Nasim Bagheri, BIHE Instructor, Released from Prison After Completing 4-Year Sentence

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Translation by Iran Press Watch

Nasim Bagheri, BIHE instructor

According to a report by the “No to Harassment and Imprisonment of Bahá’í Compatriots Campaign”, Nasim Bagheri, one of the instructors of the Bahá’í Community and a collaborator with the online university Bahá’í Institute for Higher Education (BIHE), has been released from Evin Prison after enduring a four-year sentence.

The BIHE was created to enable Baha’i students to pursuit their higher education, as Baha’is are not allowed to attend University in Iran. Students are either denied entry, or, if they were able to begin matriculation, are expelled in the midst of their studies.

On 22 May 2011, the residence of Nasim Bagheri and her family, located in the Western part of Tehran, was raided by Security Agents. This was part of sweep where the homes of tens of Bahá’í citizens connected to BIHE were raided and searched. Fifteen Baha’is were arrested that day. Ms. Bagheri was not one of those arrested at the time of the raid but was later summoned to and interrogated at the office of “Case Follow Ups” on Enghelab Avenue in the following days.

On 12 March 2012, Ms. Bagheri and nine other Bahá’í citizens. all instructors with BIHE, were summoned to the Shahid Moghaddas Public Prosecutor’s Office in Evin for final statements (defense). At this meeting, they were asked to sign a written undertaking that would commit them to cease all collaboration with the BIHE. Ms. Bagheri was one of the individuals who declined to sign the subject undertaking. At the end of the meeting, Ms. Bagheri was released on a five-hundred million Rial bail. She was not informed of the charges filed against her until a later date, which consisted of “membership in the anti-security Bahá’í administration, membership in the illegal BIHE institution and activities against national security”. Ms. Bagheri was tried and convicted on 6 October 2013 at Branch 28 of Tehran’s Revolutionary Court, presided by Judge Moghiseh. She received a four-year prison sentence. The sentence was appealed but upheld early in 2014.

On the morning of 27 April 2014, Security Agents went to the home of Ms. Bagheri and arrested her to begin serving her four-year prison term.

Ms. Bagheri was born in Tehran in 1983. She has two brothers and one sister. Both she and her sister, Negar, studied at BIHE. Because Baha’i students are prohibiting from pursuing higher education in Iran, after earning her high school diploma, Ms. Bagheri continued her education at BIHE as a General Psychology major. After five years, she earned her Bachelor’s Degree in psychology from BIHE.

As the Iranian Ministry of Higher Education refuses to certify the degrees earned through BIHE, many BIHE graduates emigrated to pursuit their education outside of Iran. However, following her undergraduate studies and earning the IELTS Certificate, Ms. Bagheri preferred to stay in Iran rather than continue her education outside Iran. Having personally experienced the painful denial of her right to pursuit her education, Ms. Bagheri chose to stay in Iran to assist the young Bahá’ís who were experiencing the same deprivation. To that purpose, she joined the BIHE. Initially she served as an assistant to the instructors, and later she took on a portion of the administrative work of BIHE, including student admissions.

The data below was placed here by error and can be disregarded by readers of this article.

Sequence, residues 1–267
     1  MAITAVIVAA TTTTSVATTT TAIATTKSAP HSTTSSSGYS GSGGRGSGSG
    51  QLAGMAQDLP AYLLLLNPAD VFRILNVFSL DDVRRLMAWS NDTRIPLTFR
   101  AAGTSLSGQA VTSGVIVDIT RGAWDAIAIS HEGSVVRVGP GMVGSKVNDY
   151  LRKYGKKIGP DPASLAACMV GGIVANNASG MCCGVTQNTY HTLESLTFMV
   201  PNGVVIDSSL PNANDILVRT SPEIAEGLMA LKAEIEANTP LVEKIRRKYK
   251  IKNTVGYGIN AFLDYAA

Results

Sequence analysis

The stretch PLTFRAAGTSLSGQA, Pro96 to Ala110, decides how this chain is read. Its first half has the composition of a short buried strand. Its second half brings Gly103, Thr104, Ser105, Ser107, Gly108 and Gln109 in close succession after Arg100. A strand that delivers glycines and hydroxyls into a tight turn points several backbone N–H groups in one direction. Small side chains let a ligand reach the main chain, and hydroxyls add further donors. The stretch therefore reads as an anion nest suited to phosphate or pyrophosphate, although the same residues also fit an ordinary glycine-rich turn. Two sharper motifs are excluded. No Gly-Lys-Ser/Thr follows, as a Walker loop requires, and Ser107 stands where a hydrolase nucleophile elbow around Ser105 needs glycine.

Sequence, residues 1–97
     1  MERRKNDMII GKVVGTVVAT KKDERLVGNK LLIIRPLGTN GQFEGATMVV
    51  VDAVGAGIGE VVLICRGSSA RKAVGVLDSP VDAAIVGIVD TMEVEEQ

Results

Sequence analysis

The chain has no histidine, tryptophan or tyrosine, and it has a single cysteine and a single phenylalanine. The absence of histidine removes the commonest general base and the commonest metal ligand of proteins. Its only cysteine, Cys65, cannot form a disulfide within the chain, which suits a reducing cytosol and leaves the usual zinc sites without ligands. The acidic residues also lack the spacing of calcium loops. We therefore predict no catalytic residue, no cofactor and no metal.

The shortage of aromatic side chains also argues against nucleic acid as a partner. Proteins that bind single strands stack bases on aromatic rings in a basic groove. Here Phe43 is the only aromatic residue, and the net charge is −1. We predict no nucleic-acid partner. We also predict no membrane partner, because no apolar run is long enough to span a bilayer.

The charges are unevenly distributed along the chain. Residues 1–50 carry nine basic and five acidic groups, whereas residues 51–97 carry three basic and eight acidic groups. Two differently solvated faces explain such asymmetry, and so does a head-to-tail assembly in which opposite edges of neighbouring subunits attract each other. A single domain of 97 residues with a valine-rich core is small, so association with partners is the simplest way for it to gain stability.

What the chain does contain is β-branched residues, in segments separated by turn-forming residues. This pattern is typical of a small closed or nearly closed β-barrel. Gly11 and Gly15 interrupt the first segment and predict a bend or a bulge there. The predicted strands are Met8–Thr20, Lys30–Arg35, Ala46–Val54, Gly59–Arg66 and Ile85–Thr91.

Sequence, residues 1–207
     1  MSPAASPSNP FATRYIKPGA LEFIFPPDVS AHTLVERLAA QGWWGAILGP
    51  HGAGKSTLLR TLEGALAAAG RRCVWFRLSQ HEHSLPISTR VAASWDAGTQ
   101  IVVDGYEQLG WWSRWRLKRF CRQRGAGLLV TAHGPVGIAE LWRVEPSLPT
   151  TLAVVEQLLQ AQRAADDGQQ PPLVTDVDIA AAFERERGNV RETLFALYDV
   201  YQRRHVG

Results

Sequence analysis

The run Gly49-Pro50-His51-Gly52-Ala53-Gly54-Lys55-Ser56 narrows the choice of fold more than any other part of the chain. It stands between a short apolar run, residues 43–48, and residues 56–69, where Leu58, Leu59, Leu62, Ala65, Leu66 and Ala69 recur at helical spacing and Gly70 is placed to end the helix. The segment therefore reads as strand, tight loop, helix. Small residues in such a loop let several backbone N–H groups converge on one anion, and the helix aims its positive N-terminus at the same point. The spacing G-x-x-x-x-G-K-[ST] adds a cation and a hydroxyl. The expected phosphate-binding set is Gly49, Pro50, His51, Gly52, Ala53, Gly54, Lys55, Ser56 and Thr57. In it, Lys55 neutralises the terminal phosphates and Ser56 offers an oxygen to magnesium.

BIHE is a virtual institution whose education system is based on online communications, which offered graduate studies in a few fields, with the available resources. As the number of BIHE graduates grew, along with enthusiasm to continue their education in Iran, more graduate fields were added to the curriculum. One of these was “General Psychology”, which Ms. Bagheri pursued and earned a her Master’s Degree after two years. Following that and until her arrest, she became an instructor for courses in “Schools of Psychology” and “Cognitive Pathology.

Ms. Bagheri was allowed only 6 days of leave for her sister’s wedding in January of 2016. Although she was eligible for additional leave, her and her family’s repeated requests were never approved, and they were never informed of any reason for the denials. Ms. Bagheri suffers from Thyroid disease. Every six month she would be transferred to hospital for treatment (accompanied by prison guards), then after a few hours returned to prison.

Ms. Bagheri’s family has been continuously under pressure following her imprisonment. Negar Bagheri (Nasim’s sister) was arrested only a few days before her wedding, in 2016, and released on bail two months later. Ms. Bagheri’s cousin, Kayvan Pakzadan, was detained at Ward 209 of Evin for one month during May-June of 2016. He is now waiting for his court date.


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